It can easy to get the blues, especially with all of the division and turmoil in the world. But author Kate Davies has a different way of look at the world: one that can make us more hopeful, positive, and willing to pitch in and help. She calls it intrinsic hope, and it may be just what we all need this holiday season.
Kate Davies, author, Intrinsic Hope: Living courageously in troubled times
Welcome to Culture Crash, where we examine American culture. What’s new and old in books, film, and entertainment.
Two years ago, NBC debuted a strange new comedy show called The Good Place. It was written by Michael Schur, a writer on The Office and the creator of Parks & Recreation, so people were willing to get it a change… but it’s logline was pretty out-there. It’s a half-hour comedy about people who died in the afterlife and, specifically, about Eleanor Shellstrop, a bad person who made it to heaven the good place thanks to a clerical error.
Usually, sitcoms and comedies are much simpler: A group of friends living in New York. A workplace comedy about a paper company or a superstore. Simpler is better, because each episode can take on a whole new identity. What The Good Place did was different. It was a comedy telling one story instead of endless stories. It’s serialized, every episode needs to be seen in order and, by the way, it’s phenomenal.
Sure, it’s a very high concept show about the afterlife and philosophy and, poignantly, what we owe to each other as human beings. It dives into what thinkers like Soren Kierkegaard and Plato thought about the universe, but it also never loses sight of its mission to entertain. The show began as a vehicle for Ted Danson and Kristen Bell and has evolved into a true ensemble, and now truly allows castmembers William Jackson Harper, Jameela Jamil, Darcy Carden and Manny Jacinto to shine.
I don’t want to say too much, because the show is a rollercoaster ride with surprises and fun world-building that will translate better on the screen. Seasons one and two of The Good Place are now streaming on Netflix. Season three premieres Thursday night, that’s September 27, on NBC.
You’ll have a blast, learn actual philosophy, and suddenly enter an inside joke with millions on the internet whenever you watch a Jacksonville Jaguars game. That will make sense, I promise.
Philosophy is not often considered a light conversational topic, and it even more rarely is associated with being humorous. However, Thomas Cathcart and Daniel Klein, authors of Plato and a Platypus Walk Into a Bar: Understanding Philosophy Through Jokes, would disagree.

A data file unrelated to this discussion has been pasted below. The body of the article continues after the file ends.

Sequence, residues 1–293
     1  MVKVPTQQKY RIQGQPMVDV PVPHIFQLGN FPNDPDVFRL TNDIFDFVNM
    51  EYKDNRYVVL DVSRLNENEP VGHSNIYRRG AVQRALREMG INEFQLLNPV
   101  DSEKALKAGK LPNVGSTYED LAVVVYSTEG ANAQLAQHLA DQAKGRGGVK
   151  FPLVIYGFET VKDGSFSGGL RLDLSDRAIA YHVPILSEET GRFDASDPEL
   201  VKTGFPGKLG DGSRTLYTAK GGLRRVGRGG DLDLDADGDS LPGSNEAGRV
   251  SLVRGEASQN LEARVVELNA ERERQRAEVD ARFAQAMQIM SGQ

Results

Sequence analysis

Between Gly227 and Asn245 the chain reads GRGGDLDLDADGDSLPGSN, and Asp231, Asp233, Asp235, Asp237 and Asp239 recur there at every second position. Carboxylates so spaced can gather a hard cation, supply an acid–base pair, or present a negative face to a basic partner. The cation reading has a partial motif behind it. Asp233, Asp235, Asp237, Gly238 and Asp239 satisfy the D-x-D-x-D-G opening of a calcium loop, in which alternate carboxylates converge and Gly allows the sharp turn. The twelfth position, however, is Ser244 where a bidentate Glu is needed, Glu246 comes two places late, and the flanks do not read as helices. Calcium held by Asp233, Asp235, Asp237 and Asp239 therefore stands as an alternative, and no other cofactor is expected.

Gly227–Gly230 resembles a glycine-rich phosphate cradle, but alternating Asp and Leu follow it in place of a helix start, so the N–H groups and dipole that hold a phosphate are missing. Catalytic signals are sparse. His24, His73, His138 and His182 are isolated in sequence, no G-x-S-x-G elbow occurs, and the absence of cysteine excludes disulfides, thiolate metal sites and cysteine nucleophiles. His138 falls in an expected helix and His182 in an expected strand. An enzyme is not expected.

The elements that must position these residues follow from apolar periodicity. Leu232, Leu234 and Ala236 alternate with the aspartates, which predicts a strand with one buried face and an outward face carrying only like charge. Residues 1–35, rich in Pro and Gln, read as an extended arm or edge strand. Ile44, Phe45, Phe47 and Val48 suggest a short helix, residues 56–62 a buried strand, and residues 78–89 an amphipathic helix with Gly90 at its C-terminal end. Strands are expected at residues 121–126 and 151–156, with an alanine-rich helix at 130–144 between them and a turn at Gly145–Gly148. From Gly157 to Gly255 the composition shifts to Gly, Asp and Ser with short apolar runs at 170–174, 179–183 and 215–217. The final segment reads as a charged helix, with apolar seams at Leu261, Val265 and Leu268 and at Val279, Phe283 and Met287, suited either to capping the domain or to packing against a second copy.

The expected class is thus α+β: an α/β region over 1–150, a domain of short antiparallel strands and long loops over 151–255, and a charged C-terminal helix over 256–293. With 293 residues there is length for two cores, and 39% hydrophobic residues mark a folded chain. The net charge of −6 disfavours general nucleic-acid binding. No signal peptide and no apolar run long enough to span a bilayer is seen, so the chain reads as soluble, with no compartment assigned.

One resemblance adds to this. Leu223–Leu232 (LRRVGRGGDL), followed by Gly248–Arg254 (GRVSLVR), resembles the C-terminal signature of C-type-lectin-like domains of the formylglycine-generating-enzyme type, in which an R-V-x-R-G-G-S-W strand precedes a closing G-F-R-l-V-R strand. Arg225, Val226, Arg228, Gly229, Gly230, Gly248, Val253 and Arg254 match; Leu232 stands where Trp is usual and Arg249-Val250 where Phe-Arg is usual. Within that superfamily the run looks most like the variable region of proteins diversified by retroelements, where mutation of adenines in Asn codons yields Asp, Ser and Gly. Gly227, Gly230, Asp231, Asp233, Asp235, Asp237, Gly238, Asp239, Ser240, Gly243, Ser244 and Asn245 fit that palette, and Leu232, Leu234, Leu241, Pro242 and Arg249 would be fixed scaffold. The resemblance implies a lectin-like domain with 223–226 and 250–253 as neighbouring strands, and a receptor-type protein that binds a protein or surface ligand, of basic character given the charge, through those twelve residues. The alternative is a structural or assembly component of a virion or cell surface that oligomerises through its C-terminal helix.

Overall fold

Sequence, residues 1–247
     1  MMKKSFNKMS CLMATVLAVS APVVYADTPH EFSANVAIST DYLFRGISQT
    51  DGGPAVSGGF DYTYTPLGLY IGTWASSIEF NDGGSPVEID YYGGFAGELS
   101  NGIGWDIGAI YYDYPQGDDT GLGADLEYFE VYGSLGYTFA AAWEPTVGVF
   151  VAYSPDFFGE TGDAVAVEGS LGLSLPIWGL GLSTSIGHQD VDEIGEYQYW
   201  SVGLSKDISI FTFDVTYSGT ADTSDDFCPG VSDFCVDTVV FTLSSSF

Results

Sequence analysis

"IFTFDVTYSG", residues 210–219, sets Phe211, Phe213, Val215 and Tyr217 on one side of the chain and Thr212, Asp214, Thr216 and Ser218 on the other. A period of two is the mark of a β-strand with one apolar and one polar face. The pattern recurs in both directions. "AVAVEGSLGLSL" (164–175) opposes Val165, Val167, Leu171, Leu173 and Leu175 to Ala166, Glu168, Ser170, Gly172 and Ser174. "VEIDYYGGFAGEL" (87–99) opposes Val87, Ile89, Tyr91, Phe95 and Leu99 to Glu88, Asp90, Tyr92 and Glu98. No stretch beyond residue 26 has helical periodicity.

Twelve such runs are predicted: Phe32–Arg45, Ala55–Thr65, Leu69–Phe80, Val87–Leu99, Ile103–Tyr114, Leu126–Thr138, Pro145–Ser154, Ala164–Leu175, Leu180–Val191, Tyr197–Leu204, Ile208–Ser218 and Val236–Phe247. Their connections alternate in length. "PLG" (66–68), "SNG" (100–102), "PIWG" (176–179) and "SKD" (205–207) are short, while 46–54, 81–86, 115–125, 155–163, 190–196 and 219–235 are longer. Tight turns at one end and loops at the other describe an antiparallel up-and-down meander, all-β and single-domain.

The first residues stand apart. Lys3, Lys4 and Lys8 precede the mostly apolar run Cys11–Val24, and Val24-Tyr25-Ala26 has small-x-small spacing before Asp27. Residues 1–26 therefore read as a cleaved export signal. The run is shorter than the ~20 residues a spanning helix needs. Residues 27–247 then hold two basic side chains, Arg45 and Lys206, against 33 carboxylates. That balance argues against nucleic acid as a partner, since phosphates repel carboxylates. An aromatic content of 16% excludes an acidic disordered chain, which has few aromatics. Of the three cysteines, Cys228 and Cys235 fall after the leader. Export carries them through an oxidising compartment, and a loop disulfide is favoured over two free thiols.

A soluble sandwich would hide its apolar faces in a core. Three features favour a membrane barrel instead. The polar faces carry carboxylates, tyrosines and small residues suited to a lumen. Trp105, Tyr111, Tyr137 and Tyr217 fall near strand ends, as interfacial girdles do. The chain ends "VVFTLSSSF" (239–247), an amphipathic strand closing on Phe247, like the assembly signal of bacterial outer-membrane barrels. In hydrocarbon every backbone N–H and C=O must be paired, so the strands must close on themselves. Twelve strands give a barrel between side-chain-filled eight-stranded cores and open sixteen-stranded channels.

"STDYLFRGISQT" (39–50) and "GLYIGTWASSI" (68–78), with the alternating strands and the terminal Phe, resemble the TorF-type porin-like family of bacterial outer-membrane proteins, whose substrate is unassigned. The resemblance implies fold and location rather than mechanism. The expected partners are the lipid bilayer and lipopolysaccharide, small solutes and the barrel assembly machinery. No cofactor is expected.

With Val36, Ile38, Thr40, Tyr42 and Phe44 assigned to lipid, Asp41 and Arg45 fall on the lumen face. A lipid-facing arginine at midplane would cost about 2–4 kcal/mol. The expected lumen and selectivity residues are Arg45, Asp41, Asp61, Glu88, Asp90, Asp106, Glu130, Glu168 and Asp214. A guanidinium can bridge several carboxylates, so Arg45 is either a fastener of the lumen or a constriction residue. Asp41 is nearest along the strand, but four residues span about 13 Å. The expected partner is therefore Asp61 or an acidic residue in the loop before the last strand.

“It’s not that philosophy’s so funny, it’s that the jokes explain philosophical ideas, and somehow make it funny,” said Klein. Cathcart and Klein use the storylines of jokes that do not initially appear to have any relation to philosophy, and then find a way to apply a philosophical belief to it allowing for the meaning to become more clear. According to Cathcart the study of philosophy arms people with the skills needed to think, argue, and make a point more clearly.
Listen to Klein and Cathcart explain some philosophical thought by using jokes, and hear their opinion on whether they think the deepest thinkers of the past would have benefitted from using jokes to explain their ideas.
Thomas Cathcart, co-author of Plato and a Platypus Walk Into a Bar: Understanding Philosophy Through Jokes
Daniel Klein, co-author of Plato and a Platypus Walk Into a Bar: Understanding Philosophy Through Jokes
Often, philosophy is so dense and hard to fully process that it feels impossible to understand and enjoy. Thomas Cathcart and Daniel Klein are trying to fix that problem. They explains some of the deepest thinkers of all time, like Immanuel Kant or John Locke, with humor.
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Often, philosophy is so dense and hard to fully process that it feels impossible to understand and enjoy. Thomas Cathcart and Daniel Klein are trying to fix that problem. Their book, Plato and a Platypus Walk Into a Bar explains some of the deepest thinkers of all time, like Immanuel Kant or John Locke, with humor. Both authors join the show to tell stories, crack jokes, and clarify some of the big ideas of philosophy.